Wednesday, 31 December 2014

The Princess Mirror-Belle Collection by Julia Donaldson

Review by Jenny, age ten.

I have finished a book called The Princess Mirror-Belle Collection by Julia Donaldson. It was a good book and I enjoyed it. It’s about a little girl who finds out that her reflection in the mirror is a girl called Princess Mirror-Belle and is in a completely different world. They do loads of different things together, like going trick or treating and also going to the hospital. If I was that little girls Mom or brother and she told me that her reflection in the mirror was talking to her, I would definitely think she was mad . I would really recommend this book to a friend.  It would suit children 7 to 11, girls would probably like it more than boys.

Four Stars ****

Tuesday, 23 December 2014

Paper Aeroplanes - Dawn O'Porter

Published: May 2013
Publisher: Hot Key
Pages: 261


It's the mid-1990s, and fifteen year-old Guernsey schoolgirls, Renée and Flo, are not really meant to be friends. Thoughtful, introspective and studious Flo couldn't be more different to ambitious, extroverted and sexually curious Renée. But Renée and Flo are united by loneliness and their dysfunctional families, and an intense bond is formed. Although there are obstacles to their friendship (namely Flo's jealous ex-best friend and Renée's growing infatuation with Flo's brother), fifteen is an age where anything can happen, where life stretches out before you, and when every betrayal feels like the end of the world. For Renée and Flo it is the time of their lives.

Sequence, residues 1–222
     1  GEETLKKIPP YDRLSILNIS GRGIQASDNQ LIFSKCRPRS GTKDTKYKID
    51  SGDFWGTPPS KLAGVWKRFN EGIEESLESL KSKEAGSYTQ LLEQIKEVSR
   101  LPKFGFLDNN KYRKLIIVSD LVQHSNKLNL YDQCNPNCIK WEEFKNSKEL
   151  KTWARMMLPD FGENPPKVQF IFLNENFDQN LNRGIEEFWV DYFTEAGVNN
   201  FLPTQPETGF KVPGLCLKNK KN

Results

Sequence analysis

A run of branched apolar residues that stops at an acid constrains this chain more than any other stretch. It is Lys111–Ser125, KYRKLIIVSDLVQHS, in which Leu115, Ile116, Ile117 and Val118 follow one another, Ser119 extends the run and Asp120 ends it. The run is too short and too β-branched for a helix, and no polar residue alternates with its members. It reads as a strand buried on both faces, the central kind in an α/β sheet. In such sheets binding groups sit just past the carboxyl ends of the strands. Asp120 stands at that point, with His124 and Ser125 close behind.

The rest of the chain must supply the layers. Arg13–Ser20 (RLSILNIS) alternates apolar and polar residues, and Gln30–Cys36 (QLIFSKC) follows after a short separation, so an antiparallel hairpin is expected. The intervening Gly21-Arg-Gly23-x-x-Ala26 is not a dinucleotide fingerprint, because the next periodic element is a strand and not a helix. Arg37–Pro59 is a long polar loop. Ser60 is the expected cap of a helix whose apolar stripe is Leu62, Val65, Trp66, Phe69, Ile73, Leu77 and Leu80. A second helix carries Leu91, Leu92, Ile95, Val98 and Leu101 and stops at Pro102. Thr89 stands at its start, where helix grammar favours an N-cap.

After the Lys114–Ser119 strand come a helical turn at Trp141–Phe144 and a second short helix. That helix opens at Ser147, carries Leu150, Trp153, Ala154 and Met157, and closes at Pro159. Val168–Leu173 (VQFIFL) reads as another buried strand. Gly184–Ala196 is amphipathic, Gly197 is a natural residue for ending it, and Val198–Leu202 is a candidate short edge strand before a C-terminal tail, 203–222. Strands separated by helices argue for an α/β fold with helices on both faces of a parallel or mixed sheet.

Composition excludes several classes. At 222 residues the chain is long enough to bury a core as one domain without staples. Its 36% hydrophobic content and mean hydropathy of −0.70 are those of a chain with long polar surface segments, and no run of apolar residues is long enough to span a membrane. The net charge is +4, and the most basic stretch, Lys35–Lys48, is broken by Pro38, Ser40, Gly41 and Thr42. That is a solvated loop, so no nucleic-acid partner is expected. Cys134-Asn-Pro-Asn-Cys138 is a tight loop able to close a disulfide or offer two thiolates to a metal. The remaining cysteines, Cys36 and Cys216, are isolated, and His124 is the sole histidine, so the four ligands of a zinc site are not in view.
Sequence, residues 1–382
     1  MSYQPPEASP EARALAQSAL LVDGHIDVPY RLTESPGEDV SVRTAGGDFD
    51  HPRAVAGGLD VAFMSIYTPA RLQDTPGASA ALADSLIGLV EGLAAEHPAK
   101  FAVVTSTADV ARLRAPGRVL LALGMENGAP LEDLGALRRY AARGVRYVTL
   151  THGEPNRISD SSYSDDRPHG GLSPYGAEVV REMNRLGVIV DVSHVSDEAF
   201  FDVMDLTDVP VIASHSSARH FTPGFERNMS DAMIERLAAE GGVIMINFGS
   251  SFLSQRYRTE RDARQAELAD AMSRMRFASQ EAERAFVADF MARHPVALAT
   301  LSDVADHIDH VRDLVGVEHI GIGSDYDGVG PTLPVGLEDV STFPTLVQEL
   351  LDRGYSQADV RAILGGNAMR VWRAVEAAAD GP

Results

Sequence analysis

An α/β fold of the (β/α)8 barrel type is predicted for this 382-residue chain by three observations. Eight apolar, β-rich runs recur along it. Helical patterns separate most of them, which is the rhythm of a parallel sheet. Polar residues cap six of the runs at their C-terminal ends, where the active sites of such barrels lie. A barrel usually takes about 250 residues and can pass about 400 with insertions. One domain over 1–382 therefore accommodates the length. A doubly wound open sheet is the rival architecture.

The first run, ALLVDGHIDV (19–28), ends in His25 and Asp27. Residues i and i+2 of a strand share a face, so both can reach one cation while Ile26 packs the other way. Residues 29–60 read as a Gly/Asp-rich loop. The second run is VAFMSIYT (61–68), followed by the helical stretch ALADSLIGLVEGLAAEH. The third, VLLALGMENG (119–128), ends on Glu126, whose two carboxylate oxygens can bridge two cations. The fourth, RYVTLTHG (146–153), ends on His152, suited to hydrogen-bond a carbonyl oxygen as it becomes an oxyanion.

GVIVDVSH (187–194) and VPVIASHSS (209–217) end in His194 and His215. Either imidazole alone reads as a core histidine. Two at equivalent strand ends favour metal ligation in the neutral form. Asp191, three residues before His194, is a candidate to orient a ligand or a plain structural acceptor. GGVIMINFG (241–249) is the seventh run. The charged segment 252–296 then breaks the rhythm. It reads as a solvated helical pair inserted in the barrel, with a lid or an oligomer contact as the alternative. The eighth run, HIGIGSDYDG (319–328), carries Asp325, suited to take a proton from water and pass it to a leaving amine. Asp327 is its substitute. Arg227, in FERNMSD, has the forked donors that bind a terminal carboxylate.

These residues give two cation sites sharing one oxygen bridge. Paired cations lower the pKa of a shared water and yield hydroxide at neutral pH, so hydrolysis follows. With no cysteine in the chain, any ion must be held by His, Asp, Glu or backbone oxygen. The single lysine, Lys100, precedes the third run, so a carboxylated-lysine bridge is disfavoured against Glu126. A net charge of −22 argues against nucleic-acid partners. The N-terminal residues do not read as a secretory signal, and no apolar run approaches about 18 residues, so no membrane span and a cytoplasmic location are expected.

With graphic content and some scenes of a sexual nature, PAPER AEROPLANES is a gritty, poignant, often laugh-out-loud funny and powerful novel. It is an unforgettable snapshot of small-town adolescence and the heart-stopping power of female friendship.


I was forced to read Paper Aeroplanes by a friend of mine who absolutely adored it and was convinced I would too. She was partly right , I didn’t love it as much as she did, but I did really enjoy it. Paper Aeroplanes is Dawn O’Porter’s first novel, and I must say that she has got her writing career off to a flying start.  The book follows the lives of two teenage girls, Reneé and Flo, as they grow up on the the island of Guernsey in the nineties. While Paper Aeroplanes is a real bildungsroman, it’s not necessarily a teenage or YA book. I enjoyed it, being reasonably close to the girls’ age, but I think anyone who grew up in the nineties , or anyone who has ever been a teenaged girl ( as Caroline Flack nicely put it ) will love this book.

The first major thing I noticed in the book was Flo’s relationship with Sally. Flo is scared stiff of the domineering Sally, but doesn’t seem to realise that what they have isn’t a real friendship. Sally keeps Flo around for the sole purpose of putting her down and criticising her to make herself feel better. Their relationship is completely dysfunctional, but quite realistic. I feel like it is a relationship that many girls have once or twice in their life, but it never seems to be dealt with in any YA literature, and O’Porter deals with it very effectively here.